Musical Theatre Majors are placed in groups based on skill, age and experience. Students rotate between classes in acting, group voice, private vocal repertoire, & various dance techniques.
Ginger graduated with a BFA in Theatre from the University of Texas at Austin. She worked as Stage Manager or Production Manager for various Austin Musical Theatre Productions, where she managed the AMT Performing Arts Academy for six years. Ginger has directed productions with St. Edward’s University, Zilker Theatre Productions, Arts On Real, Second Youth, and Austin Scottish Rite Children’s Theatre. She has also been guest director and/or choreographer for several schools in central Texas and conducts theatre workshops all over Texas. As the Director of Education and Outreach for the Long Center, she currently runs Texas Arts Project, Summer Stock Austin, The Greater Austin High School Musical Theatre Awards, and the College Audition Program. She is founder/director of Texas Arts Project, a nationally recognized arts sleep-away camp at St. Stephen’s School. She is a proud co-founder of Summer Stock Austin, where she has directed Footloose, West Side Story, Thoroughly Modern Millie, Little Shop of Horrors, Sweet Charity, The Producers, Pippin, Into the Woods, and The Addams Family. Ginger has been the Producing Director of the Greater Austin High School Musical Theatre Awards since its inception in 2014. She is director and coach for the College Audition Program, preparing high school students for college auditions.
Learn the technical skills needed for healthy vocal production of all genres. Emphasis is on breathing, projection, style, rhythm, and musicality. Strengthen ensemble singing capabilities and musicianship through an exploration of classical and Broadway songs. Both group and individual voice are part of the curriculum.
Acting a Song
Tell a story like great Broadway stars. Learn to view vocal performance from an actor’s point of view.
Choreography and Dance Technique
A Chorus Line. Sweet Charity. Chicago. Study Broadway-style dance forms by learning original choreography from the leaders of musical theatre movement. Depending on level, Musical Theatre Majors take several dance technique classes which may include: Jazz, Ballet, Tap, Modern and Hip Hop.
Campers may take classes in Voice and Movement, Improvisation, Scenes and Monologues, Acting A Song, Musical Theatre Scenework, Script Analysis, and much more.
Musical Theatre History
How did we get from Oklahoma to Wicked? We aim to answer that question in this class as we explore the development of the ever-evolving American musical.
Discover that auditions don’t have to be terrifying. Learn from experience as we set-up mock auditions in class. Directors/instructors use their experience from both sides of the table to give students the “dos and don’ts” of the audition process, including music preparation, union regulations and appropriate music/monologue choices.
Guest artists may be brought in for special topics such as Stage Combat, Resume Creation, Film Acting, Fosse Style, Partner Dancing, Acrobatics, etc.
Musical Theatre Majors rehearse song and dance numbers from musical theatre repertoire in the evenings. Some numbers will include the entire group of musical theatre majors, while many numbers will be smaller groups, duets or solos. Each participant will have the opportunity to audition for solos as well as featured singing, dancing and acting roles for the final showcase.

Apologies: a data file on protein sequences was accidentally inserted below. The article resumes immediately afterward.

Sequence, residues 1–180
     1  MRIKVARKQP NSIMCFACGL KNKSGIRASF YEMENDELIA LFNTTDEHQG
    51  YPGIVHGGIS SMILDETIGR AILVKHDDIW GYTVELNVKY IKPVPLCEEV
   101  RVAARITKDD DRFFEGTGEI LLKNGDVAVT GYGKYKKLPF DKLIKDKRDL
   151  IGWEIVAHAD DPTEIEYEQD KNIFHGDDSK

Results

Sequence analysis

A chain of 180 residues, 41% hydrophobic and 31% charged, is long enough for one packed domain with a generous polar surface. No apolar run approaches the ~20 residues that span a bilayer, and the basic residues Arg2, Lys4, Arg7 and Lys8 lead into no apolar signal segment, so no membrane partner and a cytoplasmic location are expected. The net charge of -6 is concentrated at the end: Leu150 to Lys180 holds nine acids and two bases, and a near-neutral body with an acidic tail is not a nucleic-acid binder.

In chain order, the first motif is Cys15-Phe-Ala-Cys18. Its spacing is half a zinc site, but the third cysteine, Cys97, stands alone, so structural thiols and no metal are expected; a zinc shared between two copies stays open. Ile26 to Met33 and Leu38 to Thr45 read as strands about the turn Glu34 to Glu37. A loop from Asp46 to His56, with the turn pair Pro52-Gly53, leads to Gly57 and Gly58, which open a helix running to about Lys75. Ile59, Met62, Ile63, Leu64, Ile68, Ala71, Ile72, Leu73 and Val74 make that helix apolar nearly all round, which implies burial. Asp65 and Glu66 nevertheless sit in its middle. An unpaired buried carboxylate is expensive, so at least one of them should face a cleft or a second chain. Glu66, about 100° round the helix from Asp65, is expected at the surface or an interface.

The selections for the final showcase reflect a variety of composers, choreographers and librettists from many different eras. Previous showcase material includes scenes and songs from Stephen Sondheim’s Merrily We Roll Along & Company, Jason Robert Brown’s The Last Five Years & William Finn’s A New Brain. Original choreography to Fosse’s “Bye Bye Blackbird” and Michael Bennett’s “One” and numbers from Hairspray, Thoroughly Modern Millie and Footloose have been performed in past showcase performances. Musical Theatre majors may also take on roles in the Camp Films, which première in the main theatre on the final day of camp.
Typical Daily Schedule
|12:00 – 1pm||Lunch|
|1 – 3:30pm||Technique Classes|
|3:30 – 5pm||All Camp Rehearsal|
|5 – 6pm||Camp Activity|
|6 – 7pm||Dinner|
|7 – 10pm||Rehearsal/Practicum|
|10 – 11pm||Twice Weekly Nighttime Activities|
|10pm-11:30pm||Dorm time and lights out (depending on the evening)|
I’ve definitely grown as a dancer and have gained a lot of confidence in myself as a performer and person. TAP camp is something I look forward to all year!
Coy Branscum (Musical Theatre Major 2010 – 2011)
Age 18 Dripping Springs, Texas
*NOTE: All campers for TAP Junior & TAP Senior are required to audition at the beginning of camp. Auditions are held for many reasons. The staff will get the opportunity to know all the campers and their strengths and weaknesses in all types of performance. Additionally the staff will be able to make casting decisions about the final showcase, place campers in the correct class levels, and make sure that all classes are challenging and appropriate. All campers will participate in multiple sections of the audition. The audition process will be conducted in a professional and encouraging environment. It will be fun, but we are expecting your personal best. Visit Placement Auditions for more information.
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